CNN reported that the U.S. MQ-9 Reaper drone was flying over ["]international waters["] in the Black Sea flanked by two Russian jets when one of the jets flew in front of the drone and dumped fuel. One of the jets then damaged the propeller of the unmanned drone, forcing it to land in the Black Sea.
"It's not uncommon for Russian intercepts of non-Russian aircraft over the Black Sea," Kirby said. "I want to stress that this MQ-9 was operating in ["]international airspace["] over ["]international waters["] and posed a threat to nobody, and it was an unsafe and unprofessional intercept."
Montreux Convention
...Vessels of war belonging to belligerent Powers shall not make any capture, exercise the right of visit and search, or carry out any hostile act in the Straits....
treaties.un | signatories
US, UK do. not. do. international law, m'k.
by Cat on Tue Mar 14th, 2023 at 07:12:15 PM EST
My coverage in the last few hours ...

U2 Spy Like Incident Above Black Sea

The crash was at least functional to open a channel of communication ...never know that may be useful as the frontlines are immobilized and deaths mount by the hundreds, perhaps thousands.

State Department summons Russian Ambassador 😁

U.S. Summons Russian Ambassador After Military Drone Downed Following Intercept Over Black Sea | RFERL |

See also my post w link to Pentagon briefing by Gen. Pat Ryder

'Sapere aude'

by Oui (Oui) on Tue Mar 14th, 2023 at 08:17:59 PM EST
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Readout of Secretary of Defense Lloyd J. Austin III's Phone Call With Russian Minister of Defense Sergey Shoygu [sic], 15 Mar trash talk
Attributed to Pentagon Press Secretary Air Force Brig. Gen. Pat Ryder:...regarding recent unprofessional, dangerous, and reckless behavior by the Russian air force in international airspace over the Black Sea. Secretary Austin emphasized that the United States will continue to fly and to operate wherever international law allows.
vOLdeMRT | Pentagon calls Moscow over drone incident, 15 Mar ubn warned
US Defense Secretary Lloyd Austin reached out to his Russian counterpart, Sergey Shoigu, on Wednesday, for the first time in months, to discuss the incident in which an American spy drone went down in the Black Sea waters off Crimea.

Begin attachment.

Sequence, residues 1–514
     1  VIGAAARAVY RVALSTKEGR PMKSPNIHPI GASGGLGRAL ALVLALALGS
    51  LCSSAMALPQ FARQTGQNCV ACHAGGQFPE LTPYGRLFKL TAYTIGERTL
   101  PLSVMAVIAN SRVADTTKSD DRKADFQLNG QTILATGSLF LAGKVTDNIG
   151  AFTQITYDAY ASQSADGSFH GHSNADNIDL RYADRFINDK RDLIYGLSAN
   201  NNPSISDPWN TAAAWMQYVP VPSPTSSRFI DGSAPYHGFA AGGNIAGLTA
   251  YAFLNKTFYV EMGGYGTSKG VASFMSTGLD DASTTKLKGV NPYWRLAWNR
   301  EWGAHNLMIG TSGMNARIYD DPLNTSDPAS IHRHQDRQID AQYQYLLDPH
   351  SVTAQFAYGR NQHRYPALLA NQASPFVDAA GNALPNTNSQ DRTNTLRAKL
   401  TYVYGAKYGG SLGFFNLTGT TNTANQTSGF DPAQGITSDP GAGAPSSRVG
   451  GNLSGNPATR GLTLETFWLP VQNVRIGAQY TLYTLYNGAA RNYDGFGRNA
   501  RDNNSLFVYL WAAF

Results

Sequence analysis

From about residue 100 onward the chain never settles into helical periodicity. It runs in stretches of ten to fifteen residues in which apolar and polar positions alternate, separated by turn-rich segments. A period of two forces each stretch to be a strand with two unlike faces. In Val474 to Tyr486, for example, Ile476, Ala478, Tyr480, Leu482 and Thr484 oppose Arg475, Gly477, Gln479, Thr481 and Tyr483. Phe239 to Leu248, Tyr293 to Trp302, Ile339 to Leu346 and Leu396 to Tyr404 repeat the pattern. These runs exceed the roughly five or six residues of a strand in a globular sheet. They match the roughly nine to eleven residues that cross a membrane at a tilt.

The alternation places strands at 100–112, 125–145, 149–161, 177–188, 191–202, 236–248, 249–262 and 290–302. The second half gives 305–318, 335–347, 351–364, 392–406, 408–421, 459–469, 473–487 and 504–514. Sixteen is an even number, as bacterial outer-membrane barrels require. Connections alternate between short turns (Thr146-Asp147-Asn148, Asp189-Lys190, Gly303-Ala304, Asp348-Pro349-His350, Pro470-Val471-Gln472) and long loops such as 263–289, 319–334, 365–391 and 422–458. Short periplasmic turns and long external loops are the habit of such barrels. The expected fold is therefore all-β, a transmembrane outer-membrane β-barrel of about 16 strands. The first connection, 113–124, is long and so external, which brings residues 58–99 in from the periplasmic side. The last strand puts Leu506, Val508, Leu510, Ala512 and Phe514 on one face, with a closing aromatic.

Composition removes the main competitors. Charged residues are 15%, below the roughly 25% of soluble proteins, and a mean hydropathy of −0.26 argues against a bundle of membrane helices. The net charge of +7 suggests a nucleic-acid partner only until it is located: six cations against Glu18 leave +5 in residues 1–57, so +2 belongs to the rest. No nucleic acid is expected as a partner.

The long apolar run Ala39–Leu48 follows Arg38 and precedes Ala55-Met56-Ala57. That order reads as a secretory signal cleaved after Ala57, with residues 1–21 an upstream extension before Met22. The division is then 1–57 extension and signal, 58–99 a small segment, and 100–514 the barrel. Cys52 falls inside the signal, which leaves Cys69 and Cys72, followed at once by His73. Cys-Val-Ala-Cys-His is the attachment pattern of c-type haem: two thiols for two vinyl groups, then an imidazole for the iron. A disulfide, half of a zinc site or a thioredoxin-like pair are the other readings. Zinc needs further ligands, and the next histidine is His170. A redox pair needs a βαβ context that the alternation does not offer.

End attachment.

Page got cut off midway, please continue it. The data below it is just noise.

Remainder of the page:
According to the Russian Defense Ministry, Shoigu told Austin that the incident was caused by the Americans violating the airspace restriction declared by Russia, with all the proper international notifications in place. Shoigu called US drone flights off the Russian coast "provocative in nature" and risked an escalation of tensions in the Black Sea.

archived The Raptor, a single AIM-9X Sidewinder, and a Chinese spy balloon (05.02.23)
Speaking at a Pentagon [Ukraine Defense Contact Group] press briefing [A/V (EN) 00:28:57], Austin confirmed that he made the call, and said it was "important that great powers be models of transparency and communication." However, he insisted the US would "continue to fly and to operate wherever international law allows."
On Tuesday, the US European Command [EUCOM] claimed that two Russian Su-27 jets conducted an "an unsafe and unprofessional intercept" of a MQ-9 Reaper drone, which was conducting an intelligence, reconnaissance, and surveillance (ISR) mission in ["]international["] waters over the Black Sea. According to the US military, one of the planes struck the drone's propeller, causing the operators to ditch the UAV into the water.